by Jackie Hennessey
The late blues rock legend Johnny Winter loved to perform live, and when he recorded, he didn’t like wearing headphones. That presented a challenge for Brendan Muldowney ’04, the tracking engineer on Winter’s last album, Step Back, as he was in charge of capturing all the sound on the record. “Typically you don’t want any outside noise at all,” he said. But he piped music through speakers in the Carriage House Studios in Stamford as Winter sang the vocals. “I had to get crafty,” Muldowney said.
Crafty, as it turns out, paid off well. He got the sound he wanted; Winter loved it, and the record – Winter’s last – won last year’s Grammy Award for Best Blues Album. Step Back features many well-known guitarists such as Eric Clapton and Joe Perry of Aerosmith, who were influenced by Winter, and Muldowney worked on capturing all of their sounds.
It wasn’t Muldowney’s first experience with the Grammys; he was nominated in 2011 for his work on Seth Glier’s The Next Right Thing in the Best Engineered Album – Non-Classical category. He walked the red carpet, attended the ceremony and, while he didn’t win, chatted up musicians and producers at the after-parties with his wife, Sarah. This year, though, because the National Academy of Recording Arts and Sciences has rigorous rules about how many nominees can attend, Muldowney and his wife streamed the show live on their laptop, watching from their Fairfield home as he won the prestigious prize. “It was an incredible moment,” said Muldowney, who was a music and sound recording major at UNH.
The Grammy arrived in late May. “I wasn't home when it arrived, but my wife signed for it from FedEx,” he said. “We thought it was really funny – what a big deal it is on TV, and here I am pulling it out of a cardboard box in my living room! It was a really fun experience to get it, as I'd never held one before. It was kind of cool to think that the first one I would hold would have my name on it.”
He keeps it on his piano in his home office. Shortly after he won, he wrote to Michael Kaloyanides, professor emeritus of music and former chair of the division of performing arts and the department of music, to let him know that his professors at UNH “are on my list of people to thank for this award.”
“They encouraged me to become the best musician I could be, and music is the language that’s spoken in the studio,” said Muldowney, who has worked with Elvis Costello, Gov’t Mule, Dave Brubeck and Violent Femmes. “People think of engineering as a technical job when it’s really a music job. It’s great to be able to fix a computer if it breaks, but what’s more important is to speak the language of the people you are working with.”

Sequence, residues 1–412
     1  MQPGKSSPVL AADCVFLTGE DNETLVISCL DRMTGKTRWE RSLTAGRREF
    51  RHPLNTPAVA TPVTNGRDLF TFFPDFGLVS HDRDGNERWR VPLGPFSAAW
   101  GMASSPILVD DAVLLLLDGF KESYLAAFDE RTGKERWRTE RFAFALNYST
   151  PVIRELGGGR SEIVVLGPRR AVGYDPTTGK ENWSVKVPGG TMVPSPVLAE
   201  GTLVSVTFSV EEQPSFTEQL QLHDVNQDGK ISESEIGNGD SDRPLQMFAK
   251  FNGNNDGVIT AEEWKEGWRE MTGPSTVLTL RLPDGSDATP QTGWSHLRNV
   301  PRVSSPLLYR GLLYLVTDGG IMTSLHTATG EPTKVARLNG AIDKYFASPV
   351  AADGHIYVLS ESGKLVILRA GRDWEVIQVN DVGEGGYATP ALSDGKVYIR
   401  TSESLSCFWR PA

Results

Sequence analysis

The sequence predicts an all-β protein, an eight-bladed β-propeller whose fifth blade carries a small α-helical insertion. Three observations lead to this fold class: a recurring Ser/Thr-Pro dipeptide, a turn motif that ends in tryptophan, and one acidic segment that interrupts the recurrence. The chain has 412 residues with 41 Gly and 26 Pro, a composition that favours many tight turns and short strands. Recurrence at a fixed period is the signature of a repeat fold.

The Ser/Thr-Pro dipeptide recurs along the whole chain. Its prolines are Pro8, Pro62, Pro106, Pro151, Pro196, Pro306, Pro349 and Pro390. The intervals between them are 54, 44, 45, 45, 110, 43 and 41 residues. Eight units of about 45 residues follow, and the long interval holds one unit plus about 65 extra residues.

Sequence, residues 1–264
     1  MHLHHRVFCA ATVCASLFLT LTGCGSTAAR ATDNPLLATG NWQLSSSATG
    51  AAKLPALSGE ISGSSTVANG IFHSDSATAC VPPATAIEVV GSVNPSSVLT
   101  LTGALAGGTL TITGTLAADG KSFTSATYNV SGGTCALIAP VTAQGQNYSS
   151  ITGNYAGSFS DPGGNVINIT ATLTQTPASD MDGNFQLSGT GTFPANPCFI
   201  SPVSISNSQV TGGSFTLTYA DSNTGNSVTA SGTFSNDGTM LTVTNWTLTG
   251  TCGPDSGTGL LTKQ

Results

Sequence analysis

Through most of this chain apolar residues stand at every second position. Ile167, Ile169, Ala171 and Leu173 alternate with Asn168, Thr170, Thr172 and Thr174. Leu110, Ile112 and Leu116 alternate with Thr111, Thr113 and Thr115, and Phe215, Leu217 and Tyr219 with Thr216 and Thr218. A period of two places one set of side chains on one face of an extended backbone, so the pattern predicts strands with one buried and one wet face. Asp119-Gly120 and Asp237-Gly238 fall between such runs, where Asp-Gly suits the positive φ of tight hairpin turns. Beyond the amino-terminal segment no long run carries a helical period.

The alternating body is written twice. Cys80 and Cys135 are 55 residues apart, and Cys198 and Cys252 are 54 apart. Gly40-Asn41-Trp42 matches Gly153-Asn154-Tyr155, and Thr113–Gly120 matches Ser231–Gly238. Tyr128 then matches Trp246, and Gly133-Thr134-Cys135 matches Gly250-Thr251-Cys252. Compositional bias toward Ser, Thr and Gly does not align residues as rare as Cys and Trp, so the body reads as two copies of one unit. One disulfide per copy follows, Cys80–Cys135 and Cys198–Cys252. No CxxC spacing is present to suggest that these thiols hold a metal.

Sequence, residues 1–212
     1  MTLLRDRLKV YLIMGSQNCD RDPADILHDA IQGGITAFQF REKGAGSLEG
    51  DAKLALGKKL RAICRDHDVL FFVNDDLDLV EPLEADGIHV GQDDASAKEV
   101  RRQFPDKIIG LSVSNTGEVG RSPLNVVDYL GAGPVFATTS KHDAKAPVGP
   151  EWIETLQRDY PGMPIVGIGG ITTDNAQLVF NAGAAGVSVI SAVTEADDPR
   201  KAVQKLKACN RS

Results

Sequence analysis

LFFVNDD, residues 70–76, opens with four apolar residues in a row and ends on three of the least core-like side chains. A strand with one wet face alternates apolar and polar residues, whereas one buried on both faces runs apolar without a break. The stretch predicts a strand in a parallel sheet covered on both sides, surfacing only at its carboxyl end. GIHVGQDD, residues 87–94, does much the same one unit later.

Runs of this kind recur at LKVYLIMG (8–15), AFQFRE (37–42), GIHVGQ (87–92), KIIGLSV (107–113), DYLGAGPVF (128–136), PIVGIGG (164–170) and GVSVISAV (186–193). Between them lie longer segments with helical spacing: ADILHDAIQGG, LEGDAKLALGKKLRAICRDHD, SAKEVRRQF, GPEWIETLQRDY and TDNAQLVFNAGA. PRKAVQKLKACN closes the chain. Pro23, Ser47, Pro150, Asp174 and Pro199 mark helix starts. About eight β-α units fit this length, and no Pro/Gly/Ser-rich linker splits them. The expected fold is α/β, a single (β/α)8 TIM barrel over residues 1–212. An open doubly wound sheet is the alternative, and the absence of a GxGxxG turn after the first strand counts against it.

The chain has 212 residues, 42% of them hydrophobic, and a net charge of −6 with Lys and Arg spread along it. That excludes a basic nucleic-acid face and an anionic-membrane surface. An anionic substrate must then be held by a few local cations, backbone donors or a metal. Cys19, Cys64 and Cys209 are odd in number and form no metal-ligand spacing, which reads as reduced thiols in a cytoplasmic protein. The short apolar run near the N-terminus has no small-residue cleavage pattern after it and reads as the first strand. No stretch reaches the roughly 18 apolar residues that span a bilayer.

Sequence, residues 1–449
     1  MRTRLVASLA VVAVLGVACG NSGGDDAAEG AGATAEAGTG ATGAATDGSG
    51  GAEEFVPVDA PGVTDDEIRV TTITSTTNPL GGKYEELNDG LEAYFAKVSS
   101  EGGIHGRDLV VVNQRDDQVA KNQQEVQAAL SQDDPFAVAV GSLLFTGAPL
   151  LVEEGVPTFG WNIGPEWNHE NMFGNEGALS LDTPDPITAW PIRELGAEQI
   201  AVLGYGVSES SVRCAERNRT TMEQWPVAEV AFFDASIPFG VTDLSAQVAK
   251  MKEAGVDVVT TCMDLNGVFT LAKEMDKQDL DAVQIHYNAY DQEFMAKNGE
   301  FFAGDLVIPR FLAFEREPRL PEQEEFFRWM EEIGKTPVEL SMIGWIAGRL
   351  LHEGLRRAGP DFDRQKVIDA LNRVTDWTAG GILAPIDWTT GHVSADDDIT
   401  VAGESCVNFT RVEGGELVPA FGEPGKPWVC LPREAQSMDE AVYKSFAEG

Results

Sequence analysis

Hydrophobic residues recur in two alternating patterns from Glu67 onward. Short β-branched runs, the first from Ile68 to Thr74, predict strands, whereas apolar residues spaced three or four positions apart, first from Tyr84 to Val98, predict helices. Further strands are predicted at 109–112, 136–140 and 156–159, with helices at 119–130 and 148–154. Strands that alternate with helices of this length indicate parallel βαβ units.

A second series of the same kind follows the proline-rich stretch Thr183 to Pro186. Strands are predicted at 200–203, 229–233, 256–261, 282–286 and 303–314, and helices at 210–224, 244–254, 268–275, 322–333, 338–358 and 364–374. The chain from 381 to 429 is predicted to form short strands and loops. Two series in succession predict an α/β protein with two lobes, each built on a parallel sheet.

'Our Education Goes Far Beyond...'
It’s been a magical run for the University’s music department, as Muldowney was the second graduate to win a Grammy in the last three years. John Horesco ’95, an audio engineer who owns his own studio, One Up Mastering, in Atlanta, was nominated for Grammys for his work as mastering, mixing or tracking engineer on records by Mariah Carey, Usher and Monica. In 2013, he won a Best Gospel Album Grammy as the mastering engineer on Lecrea’s Gravity.
And this spring, the Academy informed Jason DeGroff, director of the Chargers Marching Band and director of bands, that he is a quarterfinalist for the Music Educator Grammy Award, chosen from among thousands of nominated music educators across the country. The semifinalists will be announced this fall.
Kaloyanides called DeGroff “an inspiration to our students and faculty.” When DeGroff arrived at UNH a little more than five years ago, there were 13 students in the marching band. This fall 260 students, representing every college and many academic departments – an unheard-of 5 percent of the student body – will be playing at halftime at the Charger games. “Under his direction, the UNH marching band has become one of the leading marching bands in New England,” he said. “He rejuvenated the department performance ensembles and developed new music groups.”
For a small department at a mid-sized university to receive such Grammy acclaim is “amazing,” according to Kaloyanides. “We are absolutely thrilled for them,” he said. Muldowney and Horesco “are doing excellent work on prestigious projects,” he said, but he’s hardly surprised, as “they were driven and committed students who took their studies seriously in a program that provides lots of opportunities to master musicianship, their critical thinking skills and their technical skills.”
“Our education goes far beyond learning how to push buttons and twirl nobs,” he said. “It’s a deeper understanding of how music is mediated and transmitted and how this impacts the art form.”
Thanks to the University’s emphasis on experiential education, music and sound recording majors intern in recording studios and venues all over the country. The University has a thriving network of alumni working in Nashville, and others are in the industry in Manhattan, Los Angeles, Atlanta and smaller markets across the U.S.